Dr. Judith Curry has been writing about Sea Levels and New Jersey [and here], spurred on by a request for an evaluation of the topic from the New Jersey Business & Industry Association(NJBIA). The NJBIA is concerned because a study by a team of sea level researchers at Rutgers University has called for “draconian policies unsupported by science” that would “harm our economy today” by overreacting to “legitimate concerns about climate change, sea level rise, and flooding”. Dr. Curry’s full report is titled: “Assessment of projected sea level rise scenarios for the New Jersey Coast”.
Dr. Curry’s CFAN report contains this summary:
The summary conclusions of the CFAN Review are:
— The sea level projections provided by the Rutgers Report are substantially higher than those provided by the IPCC, which is generally regarded as the authoritative source for policy making. The sea level rise projections provided in the Rutgers Report, if taken at face value, could lead to premature decisions related to coastal adaptation that are unnecessarily expensive and disruptive.
— Scenarios out to 2050 for sea level rise and hurricane activity should account for scenarios of variability in multi-decadal ocean circulation patterns.
— Best practices in adapting to sea level rise use a framework suitable for decision making under deep uncertainty. The general approach of Dynamic Adaptive Policy Pathways is recommended for sea level rise adaptation on the New Jersey coast.
I wrote a piece here at WUWT a year ago, titled “Atlantic City: I’ll meet you tonite…..”, prompted by the Governor of New Jersey’s executive order stating that “New Jersey has set a goal of producing 100 percent clean energy by 2050.” and “New Jersey will become the first state to require that builders take into account the impact of climate change, including rising sea levels, in order to win government approval for projects.” The sea level rise part of this executive order was based on an earlier draft of the same study by researchers at Rutgers University.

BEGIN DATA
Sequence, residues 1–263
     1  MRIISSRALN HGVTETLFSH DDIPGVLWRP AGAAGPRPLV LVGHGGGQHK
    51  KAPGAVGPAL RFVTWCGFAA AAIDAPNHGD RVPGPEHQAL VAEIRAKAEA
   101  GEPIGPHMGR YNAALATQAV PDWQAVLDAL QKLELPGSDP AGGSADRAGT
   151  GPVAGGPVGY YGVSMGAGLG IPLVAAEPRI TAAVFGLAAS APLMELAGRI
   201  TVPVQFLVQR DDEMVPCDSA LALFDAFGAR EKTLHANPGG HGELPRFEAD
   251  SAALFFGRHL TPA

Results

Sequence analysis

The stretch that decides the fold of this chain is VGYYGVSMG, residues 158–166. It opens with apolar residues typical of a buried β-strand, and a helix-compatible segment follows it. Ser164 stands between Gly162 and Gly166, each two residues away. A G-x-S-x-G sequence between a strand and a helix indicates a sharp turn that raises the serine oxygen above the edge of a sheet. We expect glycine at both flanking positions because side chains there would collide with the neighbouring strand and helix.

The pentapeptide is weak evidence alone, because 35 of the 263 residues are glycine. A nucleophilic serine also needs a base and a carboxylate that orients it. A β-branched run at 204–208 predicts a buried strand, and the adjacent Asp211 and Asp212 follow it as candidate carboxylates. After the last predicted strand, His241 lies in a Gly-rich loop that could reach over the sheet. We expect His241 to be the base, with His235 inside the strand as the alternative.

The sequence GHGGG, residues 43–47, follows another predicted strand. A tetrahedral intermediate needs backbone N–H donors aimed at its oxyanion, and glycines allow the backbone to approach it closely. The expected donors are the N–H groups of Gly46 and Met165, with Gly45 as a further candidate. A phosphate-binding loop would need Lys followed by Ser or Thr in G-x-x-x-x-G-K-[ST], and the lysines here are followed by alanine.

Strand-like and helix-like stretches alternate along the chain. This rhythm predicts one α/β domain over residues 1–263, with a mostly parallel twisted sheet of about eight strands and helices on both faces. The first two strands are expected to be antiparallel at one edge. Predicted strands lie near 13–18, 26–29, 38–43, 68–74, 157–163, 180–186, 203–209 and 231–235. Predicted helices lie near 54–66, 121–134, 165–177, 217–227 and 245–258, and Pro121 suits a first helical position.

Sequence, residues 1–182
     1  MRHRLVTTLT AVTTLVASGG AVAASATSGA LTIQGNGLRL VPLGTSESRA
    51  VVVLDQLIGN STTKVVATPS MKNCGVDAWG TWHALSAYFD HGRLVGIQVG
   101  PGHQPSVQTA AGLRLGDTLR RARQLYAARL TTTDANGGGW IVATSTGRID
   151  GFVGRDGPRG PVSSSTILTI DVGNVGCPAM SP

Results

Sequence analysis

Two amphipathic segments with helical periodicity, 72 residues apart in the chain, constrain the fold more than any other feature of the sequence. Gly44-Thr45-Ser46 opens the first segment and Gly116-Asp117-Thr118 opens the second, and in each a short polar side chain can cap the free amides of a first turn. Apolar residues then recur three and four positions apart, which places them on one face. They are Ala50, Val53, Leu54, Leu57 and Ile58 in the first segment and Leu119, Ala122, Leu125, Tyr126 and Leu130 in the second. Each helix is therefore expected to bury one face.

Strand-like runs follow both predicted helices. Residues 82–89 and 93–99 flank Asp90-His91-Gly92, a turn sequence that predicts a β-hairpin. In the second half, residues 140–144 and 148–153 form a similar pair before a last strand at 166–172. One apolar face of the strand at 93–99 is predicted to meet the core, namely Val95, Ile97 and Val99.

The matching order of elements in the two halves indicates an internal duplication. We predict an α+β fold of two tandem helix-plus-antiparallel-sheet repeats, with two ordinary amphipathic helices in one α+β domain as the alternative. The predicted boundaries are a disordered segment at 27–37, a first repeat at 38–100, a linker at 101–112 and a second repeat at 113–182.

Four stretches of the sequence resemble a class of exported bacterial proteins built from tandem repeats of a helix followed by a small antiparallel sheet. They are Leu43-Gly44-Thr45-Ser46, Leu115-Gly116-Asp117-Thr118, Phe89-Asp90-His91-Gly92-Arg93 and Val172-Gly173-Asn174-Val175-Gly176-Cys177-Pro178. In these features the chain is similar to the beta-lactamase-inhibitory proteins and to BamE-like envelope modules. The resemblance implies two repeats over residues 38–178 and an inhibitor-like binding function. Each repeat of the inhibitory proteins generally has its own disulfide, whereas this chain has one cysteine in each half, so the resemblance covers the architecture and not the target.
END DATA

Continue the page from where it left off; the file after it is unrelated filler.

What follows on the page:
by R. Stein, Sept 21, 2021 in EurasiaReview
California, with 0.5 percent of the world’s population (40 million vs 8 billion) professes to be the leader of everything and through its dysfunctional energy policies imports more electricity than any other state – currently at 32 percent from the Northwest and Southwest – and has forced California to be the only state in contiguous America thatimports most of its crude oil energy demands from foreign country suppliers to meet the energy demands of the state.
State energy policies have made California electricity and fuel prices among the highest in the nation which have been contributory to the rapid growth of “energy poverty” for the 18 million (45 percent of the 40 million Californians) that represent the Hispanic and African American populations of the state.
Access to electricity is now an afterthought in most parts of the world, so it may come as a surprise to learn that 16 percent of the world’s population — an estimated 1.2 billion people — are still living without this basic necessity. Lack of access to electricity, or “energy poverty”, is the ultimate economic hindrance as it prevents people from participating in the modern economy.
Almost half the world — over three billion people — live on less than $2.50 a day. At least 80 percent of humanity, or almost 6 billion, lives on less than $10 a day. Other nations and continents living in abject poverty without electricity realize California, and large parts of the U.S. buying into green new deals, renewable futures, and zero-carbon societies are left with the dystopic reality of mass homelessness, filth and rampant inequality that increasingly characterize the GND core values.
by Roy Spencer, Feb 11, 2021 in GlobalWarming